A common defense to grand larceny is when a person has a claim of right. In other words, the defendant has a legitimate claim that he is in fact the owner of the property.
For instance, say a defendant sells an item to an acquaintance, who tells the defendant that he will get paid next week and will give him the money for the item then. If the acquaintance never pays the defendant for the item, the defendant has a claim of right if he takes back the property. Since the acquaintance never paid him for the item as he said he would per their agreement, the defendant has a legitimate claim to the item, which can be a successful defense to grand larceny. In fact, if the police arrest a defendant who establishes that he rightfully owns the property in question, the police may violate that person’s constitutional rights and be liable for false arrest.
For a person to be convicted of any larceny offense, the prosecution needs to prove that he intended to permanently deprive the owner of the property. A person should not be convicted if the taking of the property was only temporary.
For instance, say you ask to borrow your brother’s car for the afternoon so that you can go to a job interview. In this example, your brother says no, you can’t borrow the car, but you take it anyway, without him knowing at first.
After using it, you leave it exactly where it was in his driveway, without a scratch. However, your brother later notices that you left one of your personal belongings in the car. If he were to get so upset with you that he called the police and you were then arrested for grand larceny, you would have a great defense to that charge because your possession of the vehicle was temporary. You didn’t intend to permanently deprive your brother of his vehicle. You only intended to use it for the afternoon.
For some grand larceny charges, you may be able to successfully argue that the prosecution is inaccurately assessing the value of the stolen property.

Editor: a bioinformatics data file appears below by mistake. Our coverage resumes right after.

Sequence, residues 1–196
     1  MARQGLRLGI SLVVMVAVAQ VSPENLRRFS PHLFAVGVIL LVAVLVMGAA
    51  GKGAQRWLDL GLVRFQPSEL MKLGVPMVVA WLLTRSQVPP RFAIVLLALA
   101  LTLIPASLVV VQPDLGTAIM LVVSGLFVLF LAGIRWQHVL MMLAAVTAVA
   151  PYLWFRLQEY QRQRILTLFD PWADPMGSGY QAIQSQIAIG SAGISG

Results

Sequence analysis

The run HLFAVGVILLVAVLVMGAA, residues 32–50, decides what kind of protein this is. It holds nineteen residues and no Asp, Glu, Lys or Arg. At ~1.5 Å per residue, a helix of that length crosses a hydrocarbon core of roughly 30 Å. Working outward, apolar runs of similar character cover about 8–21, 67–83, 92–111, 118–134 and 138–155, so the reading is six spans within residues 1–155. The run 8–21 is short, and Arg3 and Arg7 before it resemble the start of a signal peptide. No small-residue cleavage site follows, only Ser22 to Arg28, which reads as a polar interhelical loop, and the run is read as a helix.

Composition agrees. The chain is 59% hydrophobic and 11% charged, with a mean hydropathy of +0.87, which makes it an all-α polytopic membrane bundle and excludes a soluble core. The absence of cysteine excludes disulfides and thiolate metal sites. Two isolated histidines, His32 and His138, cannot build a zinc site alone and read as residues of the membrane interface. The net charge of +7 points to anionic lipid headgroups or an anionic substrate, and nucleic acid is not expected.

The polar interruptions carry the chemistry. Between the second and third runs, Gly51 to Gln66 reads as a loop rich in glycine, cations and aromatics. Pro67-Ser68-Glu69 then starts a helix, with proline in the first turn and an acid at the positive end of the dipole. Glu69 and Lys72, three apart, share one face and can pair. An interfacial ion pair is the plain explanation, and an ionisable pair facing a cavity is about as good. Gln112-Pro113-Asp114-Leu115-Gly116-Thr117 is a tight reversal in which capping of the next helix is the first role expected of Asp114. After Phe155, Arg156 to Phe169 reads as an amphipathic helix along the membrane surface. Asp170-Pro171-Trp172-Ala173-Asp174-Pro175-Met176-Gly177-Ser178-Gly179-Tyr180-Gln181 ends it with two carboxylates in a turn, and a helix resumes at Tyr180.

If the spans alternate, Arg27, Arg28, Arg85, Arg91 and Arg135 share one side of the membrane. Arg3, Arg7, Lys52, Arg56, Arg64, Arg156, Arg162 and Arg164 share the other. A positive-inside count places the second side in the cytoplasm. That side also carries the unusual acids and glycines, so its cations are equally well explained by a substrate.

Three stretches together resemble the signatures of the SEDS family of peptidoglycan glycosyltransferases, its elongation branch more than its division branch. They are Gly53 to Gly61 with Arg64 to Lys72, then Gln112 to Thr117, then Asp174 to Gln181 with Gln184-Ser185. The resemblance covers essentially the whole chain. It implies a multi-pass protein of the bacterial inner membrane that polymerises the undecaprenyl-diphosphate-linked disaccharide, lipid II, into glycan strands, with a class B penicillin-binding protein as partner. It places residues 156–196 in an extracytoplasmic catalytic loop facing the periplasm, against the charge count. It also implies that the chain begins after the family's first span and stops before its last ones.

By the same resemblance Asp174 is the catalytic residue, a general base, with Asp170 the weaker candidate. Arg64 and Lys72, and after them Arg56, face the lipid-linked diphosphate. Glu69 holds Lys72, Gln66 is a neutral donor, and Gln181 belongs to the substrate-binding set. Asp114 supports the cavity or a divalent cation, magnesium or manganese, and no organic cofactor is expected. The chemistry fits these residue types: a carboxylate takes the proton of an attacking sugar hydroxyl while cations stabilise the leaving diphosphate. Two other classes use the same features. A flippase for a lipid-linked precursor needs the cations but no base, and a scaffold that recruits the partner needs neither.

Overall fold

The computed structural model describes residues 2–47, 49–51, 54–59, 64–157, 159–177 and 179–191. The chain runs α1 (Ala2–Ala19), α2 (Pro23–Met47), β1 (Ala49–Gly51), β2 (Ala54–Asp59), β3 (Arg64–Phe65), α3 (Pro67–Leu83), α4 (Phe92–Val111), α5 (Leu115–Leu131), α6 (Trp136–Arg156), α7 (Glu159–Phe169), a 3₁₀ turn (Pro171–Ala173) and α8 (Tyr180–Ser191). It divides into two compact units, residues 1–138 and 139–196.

For instance, say you are in a situation where you have been charged with Grand Larceny in the Fourth Degree for allegedly taking one of those old, big-screen TVs that weighs a ton. You found it on the sidewalk and thought someone was throwing it away, but it turns out a person was just moving and had piled up property outside for their mover. The prosecution says you should have known the property wasn’t being given away, but you dispute that. Beyond the primary question of whether you intended to wrongfully and permanently deprive the owner of his property, you also have a strong defense regarding the valuation of the TV.
When that TV was sold 20 years ago, it was incredible technology, and it costed $1500, well above the $1000 threshold for Grand Larceny in the Fourth Degree. The owner of the property even has a receipt showing the exact price he paid for it at Best Buy, which the prosecution uses as evidence in its case.
You would have a strong defense against the grand larceny charge in this situation because the TV is no longer worth $1500. To determine the proper valuation, the jury must consider what the cost would be to replace the item at the time of the alleged offense. For one of those old big-screen TVs, most people can’t even pay someone to take them away these days. Although the sticker price of the TV was over $1000, your attorney could easily argue that the prosecution is wrong to value the TV over $1000 today.
Seek Legal Guidance From a Skilled Criminal Defense Lawyer in NYC
If you have been charged with grand larceny in New York City, give me a call for a free consultation. We can discuss your case, and I’ll determine the right legal strategy for you.